The Obama administration’s main sales pitch for the Affordable Healthcare Act, better known as Obamacare, has turned out to be false: President Obama promised Americans they could keep their own insurance when the law went into effect, but some 2 million people have had their policies canceled.
Administration officials have been apologizing left and right for the multitude of problems with the site. But no one was more contrite than Health and Human Services chief Kathleen Sebelius, who laid herself at the mercy of an angry House Energy and Commerce Committee Wednesday.That’s just the first in a long series of snafus with the Obamacare rollout. The site crashes routinely. The hub that transmits information between the exchanges doesn’t function properly. Information provided to potential enrollees has been incorrect. By the administration’s own admission, the rollout has been a debacle.
Set the political fallout from the rollout aside, and Obamacare is still the law of the land. People without insurance still must obtain it by March or face penalties. Sebelius has pledged to fix the site, but it remains to be seen how the site should be fixed in order to make it more user friendly, and how customer service should be improved.
To get a idea of how to make the Obamacare exchanges more user-friendly, I reached out to customer service consultants to get their take on how to improve the customer’s experience. These consultants found numerous problems with the site, and suggested a number of ways that it could be improved.
1 Develop a core standard of values that will shape the entire Obamacare experience. Jill Donnelly, vice president of marketing and product development at Customer Service Experts, a consultancy in Annapolis, said that the first thing she advises clients to do is create a set of standards that will guide all subsequent work.
"If you can create those standards and an internal brand within the organization--that will seep out proactively. You have to ask yourself what's realistic and where do you want to be?"
This mission requires strong leadership that trickles down through an organization. It’s apparent now that the White House failed to provide this leadership, which lead to the disarray surrounding the signup process.
Donnelly also said that establishing core values helps employees to understand what’s expected of them. This allows them to provide better service to customers.
“If you can create an exceptional experience for your employees, those employees will create an exceptional experience for your clients,” she said.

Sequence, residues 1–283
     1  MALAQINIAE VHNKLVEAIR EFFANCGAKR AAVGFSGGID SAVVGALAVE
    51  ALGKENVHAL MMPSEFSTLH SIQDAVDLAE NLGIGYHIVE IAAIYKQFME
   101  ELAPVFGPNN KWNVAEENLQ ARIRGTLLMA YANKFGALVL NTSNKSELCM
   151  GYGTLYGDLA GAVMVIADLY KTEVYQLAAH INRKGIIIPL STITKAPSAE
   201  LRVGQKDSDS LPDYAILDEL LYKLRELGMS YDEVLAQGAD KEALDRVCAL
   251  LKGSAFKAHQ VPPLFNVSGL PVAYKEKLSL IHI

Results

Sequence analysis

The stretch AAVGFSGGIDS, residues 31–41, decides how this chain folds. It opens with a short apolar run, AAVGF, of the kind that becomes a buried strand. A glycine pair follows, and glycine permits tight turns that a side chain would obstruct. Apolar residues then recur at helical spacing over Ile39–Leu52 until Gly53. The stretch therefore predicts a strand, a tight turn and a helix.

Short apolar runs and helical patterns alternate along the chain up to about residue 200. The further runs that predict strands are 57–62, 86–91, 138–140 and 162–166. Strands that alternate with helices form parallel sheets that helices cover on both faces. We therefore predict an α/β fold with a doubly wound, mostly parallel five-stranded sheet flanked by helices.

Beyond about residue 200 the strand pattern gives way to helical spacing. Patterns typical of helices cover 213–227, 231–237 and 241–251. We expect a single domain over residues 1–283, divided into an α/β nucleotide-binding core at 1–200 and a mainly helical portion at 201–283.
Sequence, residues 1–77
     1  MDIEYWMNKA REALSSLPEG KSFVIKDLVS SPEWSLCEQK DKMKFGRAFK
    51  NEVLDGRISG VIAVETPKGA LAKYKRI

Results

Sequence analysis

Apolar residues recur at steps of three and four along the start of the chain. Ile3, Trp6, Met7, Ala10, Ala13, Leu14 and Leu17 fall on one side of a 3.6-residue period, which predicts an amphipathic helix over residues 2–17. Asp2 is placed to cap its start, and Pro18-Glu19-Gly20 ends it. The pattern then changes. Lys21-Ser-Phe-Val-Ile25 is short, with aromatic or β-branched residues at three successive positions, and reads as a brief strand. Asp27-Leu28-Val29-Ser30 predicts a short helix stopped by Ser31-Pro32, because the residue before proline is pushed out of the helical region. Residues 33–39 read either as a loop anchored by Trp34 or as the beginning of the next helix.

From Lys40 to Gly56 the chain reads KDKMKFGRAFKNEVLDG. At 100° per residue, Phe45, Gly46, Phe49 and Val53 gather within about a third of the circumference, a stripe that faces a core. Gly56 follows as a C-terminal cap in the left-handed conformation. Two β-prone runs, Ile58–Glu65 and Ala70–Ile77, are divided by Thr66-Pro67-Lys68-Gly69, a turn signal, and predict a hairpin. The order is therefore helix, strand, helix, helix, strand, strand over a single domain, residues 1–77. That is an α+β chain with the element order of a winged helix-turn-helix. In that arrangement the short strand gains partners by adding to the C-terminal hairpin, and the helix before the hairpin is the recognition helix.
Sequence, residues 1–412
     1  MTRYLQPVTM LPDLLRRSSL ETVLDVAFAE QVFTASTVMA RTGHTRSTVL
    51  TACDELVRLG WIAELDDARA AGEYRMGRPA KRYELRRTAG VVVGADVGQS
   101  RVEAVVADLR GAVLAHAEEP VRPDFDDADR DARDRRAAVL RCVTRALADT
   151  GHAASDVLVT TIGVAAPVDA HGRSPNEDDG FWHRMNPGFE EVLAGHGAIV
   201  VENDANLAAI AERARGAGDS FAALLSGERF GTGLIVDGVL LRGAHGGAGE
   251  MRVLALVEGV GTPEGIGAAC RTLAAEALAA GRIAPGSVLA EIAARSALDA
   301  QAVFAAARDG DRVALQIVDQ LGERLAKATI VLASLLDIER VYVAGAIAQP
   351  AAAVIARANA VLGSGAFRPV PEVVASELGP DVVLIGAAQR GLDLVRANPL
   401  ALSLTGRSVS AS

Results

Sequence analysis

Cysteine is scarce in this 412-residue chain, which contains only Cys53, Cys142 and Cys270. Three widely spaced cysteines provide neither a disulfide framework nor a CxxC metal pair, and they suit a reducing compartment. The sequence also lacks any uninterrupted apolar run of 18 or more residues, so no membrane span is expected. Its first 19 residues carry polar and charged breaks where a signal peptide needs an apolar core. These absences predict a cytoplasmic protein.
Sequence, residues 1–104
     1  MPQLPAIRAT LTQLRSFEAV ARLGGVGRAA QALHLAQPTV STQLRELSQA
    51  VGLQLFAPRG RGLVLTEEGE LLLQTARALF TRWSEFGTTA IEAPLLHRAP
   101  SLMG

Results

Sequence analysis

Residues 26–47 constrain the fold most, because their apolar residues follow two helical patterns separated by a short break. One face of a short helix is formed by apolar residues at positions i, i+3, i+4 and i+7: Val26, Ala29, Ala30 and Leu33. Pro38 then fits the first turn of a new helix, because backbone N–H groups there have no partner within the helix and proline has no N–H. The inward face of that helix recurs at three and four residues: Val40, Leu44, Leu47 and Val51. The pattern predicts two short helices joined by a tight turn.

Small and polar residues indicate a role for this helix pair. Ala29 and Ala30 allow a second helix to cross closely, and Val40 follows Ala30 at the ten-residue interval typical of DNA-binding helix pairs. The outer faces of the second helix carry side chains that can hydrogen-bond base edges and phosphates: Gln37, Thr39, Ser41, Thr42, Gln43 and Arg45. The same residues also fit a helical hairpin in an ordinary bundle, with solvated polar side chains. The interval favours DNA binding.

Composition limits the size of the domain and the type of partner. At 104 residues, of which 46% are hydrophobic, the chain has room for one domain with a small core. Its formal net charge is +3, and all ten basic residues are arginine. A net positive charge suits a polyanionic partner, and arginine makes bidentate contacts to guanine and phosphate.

2 Allow buyers to shop before they give information. Customer service expert Micah Solomon said that the gold standard for consumer sites are Amazon and Charles Schwab, “sites that need to be secure yet handle a lot of traffic,” he said.
Both of these sites, as well as nearly all other consumer sites, share one quality: they allow consumers to shop before they have to give up personal information.
The insurance exchanges are the exact opposite. Users are required to give up sensitive personal information before they can shop. Giving them an idea of the products available would make the shopping experience more pleasurable, as consumers would know what they’re able to purchase before they go through the checkout process.
3 Revamp the user experience. Mike Wittenstein, president and lead experience designer at StoryMiners, has the advantage of actually buying insurance for him and his family though an exchange. As someone with 25 years design experience, he had a laundry list of criticisms, as well as ideas of how it could be improved.
Wittenstein’s first observation is that he doubts the exchanges were user-tested from the start. They might have been tested once the site was near completion, but at that point it’s too late to make dramatic changes.
“I'm pretty convinced that they didn't do user testing from the very begining. If they had, the way the site works would be very different,” he said. “It’s important to include your customer in the design conversation. That includes citizens who are signing up, as well as the behind the scenes types. They’re all customers.”
“I'd fire someone if they did user testing only at the end. It needs to be baked into the beginning,” he added.
He suggested a number of ways the user experience could be improve with one-to-two day fixes. First, he’d allow users to make reservations to sign up, allowing them to plan their shopping in advance. Right now, there’s no guarantee a buyer would be able to purchase insurance when they visit an online exchange.
Second, tell users where they are in the process. For instance, right now there is no way to tell just how much more information has to be provided in order to purchase insurance. “Tell me I’m on step 3 of 10,” he said.
Third, users are inexplicably sent backwards in the sign up process, which forces they to reenter information. Wittenstein said a quick coding fix would save this information until problems with the signup process can be ironed out.
4 Give users a peek behind the curtain. Wittenstein said one of the most disconcerting aspects of signup was the vast amount of personal information he had to give up. He said he would feel much better knowing how the information was being used to get him the best possible product.
“Give a peek into the backend. It would be nice to have a sister site that shows how things work. It would appease a lot of people's curiosity and relieve a lot of stress. It’s probably one of the most complicated pieces of software built anywhere in the last years.”